Got your attention? This year, World Childless Week devoted a whole day to talking about sex. What’s sex got to do with it? Everything.
As Michael Hughes of the of the Full Stop podcast noted in a fascinating session, it all comes down to the sperm and the egg and how they need to get together to make baby. In other words, sex. We don’t talk about it much, he said, but it’s a big thing.
Hughes and his podcast partners Berenice Smith and Sarah Lawrence are all childless through infertility. Each talked about how their efforts to conceive took the joy and spontaneity out of sex. It became less about intimacy and pleasure and more about making a baby. Every time they did it, the question hovered over them. Will it work? Will it lead to heartbreak with another miscarriage or failure to conceive? And how can you feel good about your body when it is not doing what it’s supposed to do or when you’ve gone through so many procedures you really don’t want anyone to touch you? Or when it physically hurts? After a while, they didn’t really want to do it.
The three said it took years after they gave up on trying to conceive to feel good about their bodies and enjoy sex again. Even now, it’s not quite the same as the old magic they had at the beginning.
In another session led by Jody Day, women in all aspects of the childless journey, including those who have never found a partner to make babies with, talked about their struggles with their bodies and sexuality and shared suggestions for learning to feel sexy again. It’s a wonderful session. You can watch the recording here. Also read Jody’s essay “Where Did She Go? Reclaiming My Erotic Self After Childlessness.”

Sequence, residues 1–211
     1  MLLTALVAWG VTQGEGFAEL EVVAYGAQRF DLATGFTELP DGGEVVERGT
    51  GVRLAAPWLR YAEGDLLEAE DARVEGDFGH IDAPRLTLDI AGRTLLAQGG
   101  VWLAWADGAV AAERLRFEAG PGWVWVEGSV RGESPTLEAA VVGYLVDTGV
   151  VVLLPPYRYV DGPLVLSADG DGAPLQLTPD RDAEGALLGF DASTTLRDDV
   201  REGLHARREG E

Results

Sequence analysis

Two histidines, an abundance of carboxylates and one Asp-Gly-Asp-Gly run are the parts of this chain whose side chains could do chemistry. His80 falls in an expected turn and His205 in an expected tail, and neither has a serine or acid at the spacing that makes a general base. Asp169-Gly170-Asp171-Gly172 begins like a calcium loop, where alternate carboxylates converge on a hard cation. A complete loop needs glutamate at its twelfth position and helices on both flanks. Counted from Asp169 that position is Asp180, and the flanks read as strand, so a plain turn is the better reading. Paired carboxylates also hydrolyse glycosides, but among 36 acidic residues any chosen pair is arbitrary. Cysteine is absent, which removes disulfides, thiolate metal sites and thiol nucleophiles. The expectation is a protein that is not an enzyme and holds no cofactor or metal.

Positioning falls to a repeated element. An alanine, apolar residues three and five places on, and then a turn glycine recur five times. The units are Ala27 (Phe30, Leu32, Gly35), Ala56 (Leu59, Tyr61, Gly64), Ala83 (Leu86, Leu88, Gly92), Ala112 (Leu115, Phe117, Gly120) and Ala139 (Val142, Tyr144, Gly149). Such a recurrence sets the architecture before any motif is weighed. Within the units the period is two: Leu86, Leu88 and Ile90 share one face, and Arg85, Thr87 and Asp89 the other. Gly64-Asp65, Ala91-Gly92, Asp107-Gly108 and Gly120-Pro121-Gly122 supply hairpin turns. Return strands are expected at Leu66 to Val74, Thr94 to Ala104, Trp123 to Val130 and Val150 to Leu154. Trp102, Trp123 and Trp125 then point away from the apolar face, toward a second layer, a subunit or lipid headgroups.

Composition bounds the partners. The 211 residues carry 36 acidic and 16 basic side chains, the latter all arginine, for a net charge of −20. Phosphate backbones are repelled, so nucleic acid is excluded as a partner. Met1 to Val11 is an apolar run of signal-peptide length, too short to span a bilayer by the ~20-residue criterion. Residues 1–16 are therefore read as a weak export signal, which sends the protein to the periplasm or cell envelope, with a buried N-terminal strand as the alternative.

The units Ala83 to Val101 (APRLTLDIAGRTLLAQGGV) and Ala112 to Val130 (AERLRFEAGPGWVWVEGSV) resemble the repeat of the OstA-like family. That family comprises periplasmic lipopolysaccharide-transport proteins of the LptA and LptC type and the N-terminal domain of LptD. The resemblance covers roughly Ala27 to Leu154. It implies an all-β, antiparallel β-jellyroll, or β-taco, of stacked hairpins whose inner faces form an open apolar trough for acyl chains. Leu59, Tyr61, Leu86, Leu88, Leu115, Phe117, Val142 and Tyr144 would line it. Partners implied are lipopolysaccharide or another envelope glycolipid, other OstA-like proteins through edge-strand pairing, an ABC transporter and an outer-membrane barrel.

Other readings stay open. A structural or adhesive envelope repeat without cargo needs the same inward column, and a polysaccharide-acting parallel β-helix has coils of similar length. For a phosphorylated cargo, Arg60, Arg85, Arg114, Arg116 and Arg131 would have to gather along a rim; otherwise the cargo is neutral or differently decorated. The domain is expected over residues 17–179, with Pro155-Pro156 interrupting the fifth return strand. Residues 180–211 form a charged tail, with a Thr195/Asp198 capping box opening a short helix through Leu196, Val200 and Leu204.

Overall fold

I know that some of you are dealing with fertility issues. How is sex for you? Is every encounter about trying to make a baby? Or is it always a reminder that certain parts aren’t working?
For me, I can’t say that it affected my sex life. With my first husband, we were using birth control, but I always had that hope that when the time was right, we would welcome children.
With Fred, who had had a vasectomy, conception was never possible, and it was not part of our sex life, except for the relief of not needing birth control. We were not trying to make a baby. Our goal was simply intimacy and orgasms, and it was good. Now, listening to these people who struggled with infertility, pain, and hating their own bodies, I am grateful for my health. My body has its issues, but I like it just fine, and I still feel sexy.
This is the Childless by Marriage blog. Infertility is only one of many reasons we don’t or may not have children. If you or your partner are unable or unwilling to conceive, how does that affect your sex life? Do you think about it during sex? Does it make you not want to have sex? Do you resent using birth control because it’s keeping you from the babies you want to have? Do you think about the sperm or eggs being wasted because they’re not being given a chance to connect? Or does being childless free you to enjoy sex without the baby worry?
Sex is a tricky subject. How does being childless or potentially childless affect your sex life?
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One thought on “How Does Childlessness Affect Your Sex Life?”
Sex is better when it is uninhibited. I can’t understand how some people can have children but they don’t want to. I can understand pedophobia as a kind of mental illness, but not being proud and shameless as if fighting against your body is constructive.